Carl, et al., (that’s “and others” for you iron collectors),
I stand by my assessment of “Projectiles II”. I try to refrain from this topic when it comes up, because I fear it will appear no more than “sour grapes” coming from me since I am the author of a similar reference book. However, the topic was presented by others, and I obviously have serious feelings regarding the repetitive presentation of incorrect information in reference materials.
Carl, your very own words seem to support my views: “while it might not any longer be THE book for bullet identification…” and “there are now more accurate and more complete choices for reference.” We are discussing REFERENCE books here, so the latest factual information available should be what any collector seeks. So by using past tense in reference to Projectiles II you prove my case.
Do not confuse my statements about the contents of a book with feelings about the authors! It seems any bad word about this book is seen as a personal attack on M&M. I most certainly agree that this was an important and ground-breaking reference. It was also my first “bullet book” that I happy admit I wore out thumbing through the pages. Even in the more recent past, prior to smart phones and the internet, this book was very useful, not for the identifications (as there were still many errors), but because as we all admit, everyone had a copy. You could converse with fellow collectors and simply mention the M&M# and all involved could view the specimen in their respective books wherever they were. But now, we can just send a bullet “selfie” to friends for comment or identification thus eliminating even that use.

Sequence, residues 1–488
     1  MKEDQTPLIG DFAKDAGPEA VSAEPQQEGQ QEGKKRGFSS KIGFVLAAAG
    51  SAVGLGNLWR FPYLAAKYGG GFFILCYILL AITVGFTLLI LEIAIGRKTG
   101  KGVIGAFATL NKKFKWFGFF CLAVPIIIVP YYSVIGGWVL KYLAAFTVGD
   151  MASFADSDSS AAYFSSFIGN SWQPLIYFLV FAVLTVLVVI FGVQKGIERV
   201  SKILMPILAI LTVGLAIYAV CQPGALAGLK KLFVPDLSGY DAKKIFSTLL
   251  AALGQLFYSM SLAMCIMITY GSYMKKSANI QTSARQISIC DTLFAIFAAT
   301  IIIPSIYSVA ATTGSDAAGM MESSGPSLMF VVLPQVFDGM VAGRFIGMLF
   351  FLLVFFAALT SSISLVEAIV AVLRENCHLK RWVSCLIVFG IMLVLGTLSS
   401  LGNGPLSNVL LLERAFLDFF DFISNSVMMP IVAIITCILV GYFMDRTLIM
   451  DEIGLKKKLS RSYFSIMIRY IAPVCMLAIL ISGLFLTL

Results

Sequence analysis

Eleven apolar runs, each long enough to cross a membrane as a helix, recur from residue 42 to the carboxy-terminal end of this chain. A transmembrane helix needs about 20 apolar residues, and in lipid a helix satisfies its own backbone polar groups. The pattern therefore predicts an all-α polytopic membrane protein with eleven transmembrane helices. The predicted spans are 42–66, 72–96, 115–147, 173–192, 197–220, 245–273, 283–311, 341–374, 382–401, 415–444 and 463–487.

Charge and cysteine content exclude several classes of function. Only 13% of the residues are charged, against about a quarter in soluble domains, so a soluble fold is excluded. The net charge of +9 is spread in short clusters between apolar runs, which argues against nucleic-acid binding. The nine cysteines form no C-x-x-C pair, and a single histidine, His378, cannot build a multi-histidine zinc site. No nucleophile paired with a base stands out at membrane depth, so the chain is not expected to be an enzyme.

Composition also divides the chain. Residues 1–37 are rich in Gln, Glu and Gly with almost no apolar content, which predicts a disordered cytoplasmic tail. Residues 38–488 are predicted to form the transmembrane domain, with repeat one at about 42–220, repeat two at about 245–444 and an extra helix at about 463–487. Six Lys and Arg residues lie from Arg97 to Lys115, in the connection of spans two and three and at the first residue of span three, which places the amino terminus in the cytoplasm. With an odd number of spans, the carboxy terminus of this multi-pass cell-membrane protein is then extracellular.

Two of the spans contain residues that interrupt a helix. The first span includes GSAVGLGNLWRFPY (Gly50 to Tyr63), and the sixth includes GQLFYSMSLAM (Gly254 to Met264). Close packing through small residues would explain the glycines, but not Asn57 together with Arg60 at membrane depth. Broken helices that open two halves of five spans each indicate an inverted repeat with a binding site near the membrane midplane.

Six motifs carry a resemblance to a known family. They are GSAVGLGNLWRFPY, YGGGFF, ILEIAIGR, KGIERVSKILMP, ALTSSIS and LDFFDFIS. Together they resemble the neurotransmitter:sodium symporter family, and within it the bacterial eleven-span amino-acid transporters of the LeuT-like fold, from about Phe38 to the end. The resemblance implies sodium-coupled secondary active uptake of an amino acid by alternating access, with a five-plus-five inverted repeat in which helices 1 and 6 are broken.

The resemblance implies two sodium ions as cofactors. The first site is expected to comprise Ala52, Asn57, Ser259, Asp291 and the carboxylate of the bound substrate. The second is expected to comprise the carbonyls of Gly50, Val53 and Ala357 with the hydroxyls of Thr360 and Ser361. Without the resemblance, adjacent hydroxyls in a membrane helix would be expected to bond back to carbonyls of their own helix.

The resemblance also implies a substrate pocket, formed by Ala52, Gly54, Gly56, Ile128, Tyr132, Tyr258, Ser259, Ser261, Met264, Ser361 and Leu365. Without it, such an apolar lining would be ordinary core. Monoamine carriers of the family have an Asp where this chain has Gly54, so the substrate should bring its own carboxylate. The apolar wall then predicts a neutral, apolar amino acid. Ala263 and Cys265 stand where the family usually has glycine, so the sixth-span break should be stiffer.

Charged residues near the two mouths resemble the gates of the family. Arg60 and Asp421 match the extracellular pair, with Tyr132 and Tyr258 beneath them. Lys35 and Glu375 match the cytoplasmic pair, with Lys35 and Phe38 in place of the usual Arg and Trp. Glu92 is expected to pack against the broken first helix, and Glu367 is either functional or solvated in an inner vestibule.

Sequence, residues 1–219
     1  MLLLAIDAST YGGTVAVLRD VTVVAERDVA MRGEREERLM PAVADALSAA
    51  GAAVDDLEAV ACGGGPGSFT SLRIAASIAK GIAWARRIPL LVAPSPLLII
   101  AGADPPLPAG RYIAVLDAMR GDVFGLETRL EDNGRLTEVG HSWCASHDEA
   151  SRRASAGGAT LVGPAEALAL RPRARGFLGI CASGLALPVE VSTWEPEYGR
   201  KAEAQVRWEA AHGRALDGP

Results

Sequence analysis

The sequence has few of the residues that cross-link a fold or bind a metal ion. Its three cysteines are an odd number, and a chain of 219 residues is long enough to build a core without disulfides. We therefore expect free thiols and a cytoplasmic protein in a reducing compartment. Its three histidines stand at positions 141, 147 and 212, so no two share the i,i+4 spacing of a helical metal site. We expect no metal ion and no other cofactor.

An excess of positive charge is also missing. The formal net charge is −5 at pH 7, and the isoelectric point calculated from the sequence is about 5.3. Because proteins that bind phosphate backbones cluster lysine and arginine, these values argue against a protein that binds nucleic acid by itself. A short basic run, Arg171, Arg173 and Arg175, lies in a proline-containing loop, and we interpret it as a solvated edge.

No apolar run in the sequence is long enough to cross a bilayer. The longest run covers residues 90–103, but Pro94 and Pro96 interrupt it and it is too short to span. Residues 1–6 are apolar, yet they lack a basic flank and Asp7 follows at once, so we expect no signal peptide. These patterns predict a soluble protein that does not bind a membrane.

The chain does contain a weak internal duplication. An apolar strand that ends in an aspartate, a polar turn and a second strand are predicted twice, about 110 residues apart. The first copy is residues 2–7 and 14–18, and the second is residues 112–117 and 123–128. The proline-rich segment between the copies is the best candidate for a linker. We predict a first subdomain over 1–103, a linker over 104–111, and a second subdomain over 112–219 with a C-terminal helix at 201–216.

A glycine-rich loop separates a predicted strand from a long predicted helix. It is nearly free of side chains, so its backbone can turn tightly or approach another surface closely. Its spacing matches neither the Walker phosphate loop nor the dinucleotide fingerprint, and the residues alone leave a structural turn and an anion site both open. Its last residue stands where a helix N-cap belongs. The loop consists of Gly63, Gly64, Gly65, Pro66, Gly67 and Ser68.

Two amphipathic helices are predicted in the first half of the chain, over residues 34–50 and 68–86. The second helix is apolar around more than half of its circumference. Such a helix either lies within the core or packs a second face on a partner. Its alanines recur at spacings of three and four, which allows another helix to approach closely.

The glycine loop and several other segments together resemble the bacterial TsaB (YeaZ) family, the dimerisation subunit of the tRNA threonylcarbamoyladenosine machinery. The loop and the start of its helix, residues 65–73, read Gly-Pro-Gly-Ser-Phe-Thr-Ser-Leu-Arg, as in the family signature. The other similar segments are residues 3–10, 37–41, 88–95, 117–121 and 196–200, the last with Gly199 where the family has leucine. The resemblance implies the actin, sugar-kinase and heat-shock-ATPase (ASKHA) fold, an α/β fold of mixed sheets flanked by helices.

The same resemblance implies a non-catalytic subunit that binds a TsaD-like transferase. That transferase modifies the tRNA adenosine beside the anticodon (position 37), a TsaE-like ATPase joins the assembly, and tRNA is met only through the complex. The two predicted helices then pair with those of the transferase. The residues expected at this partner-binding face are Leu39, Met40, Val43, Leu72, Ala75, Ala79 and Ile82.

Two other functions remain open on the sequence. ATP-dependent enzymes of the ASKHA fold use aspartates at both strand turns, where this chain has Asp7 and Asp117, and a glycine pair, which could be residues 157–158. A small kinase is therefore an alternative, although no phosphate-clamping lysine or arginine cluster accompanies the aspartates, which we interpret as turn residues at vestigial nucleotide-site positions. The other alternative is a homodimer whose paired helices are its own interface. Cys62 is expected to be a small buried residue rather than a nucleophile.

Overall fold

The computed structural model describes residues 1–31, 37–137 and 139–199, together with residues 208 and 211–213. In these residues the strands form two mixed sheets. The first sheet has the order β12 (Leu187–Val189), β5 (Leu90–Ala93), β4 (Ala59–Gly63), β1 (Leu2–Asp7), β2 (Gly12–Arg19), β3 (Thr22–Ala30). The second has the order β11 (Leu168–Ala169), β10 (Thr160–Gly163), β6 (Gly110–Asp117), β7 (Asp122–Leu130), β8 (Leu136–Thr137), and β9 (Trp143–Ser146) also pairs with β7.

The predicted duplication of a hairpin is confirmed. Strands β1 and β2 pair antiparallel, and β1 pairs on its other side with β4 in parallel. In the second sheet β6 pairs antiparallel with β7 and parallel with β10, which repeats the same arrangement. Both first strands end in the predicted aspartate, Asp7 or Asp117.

But new research (probably unavailable to M&M) has come to light. And while many identifications have yet to be discovered, that doesn’t validate older “educated guesses”. The subject of this thread is “Recommended Reading”. So, when asked, do you recommend a source with the best available information, or the book you had as a kid that was written by two great guys?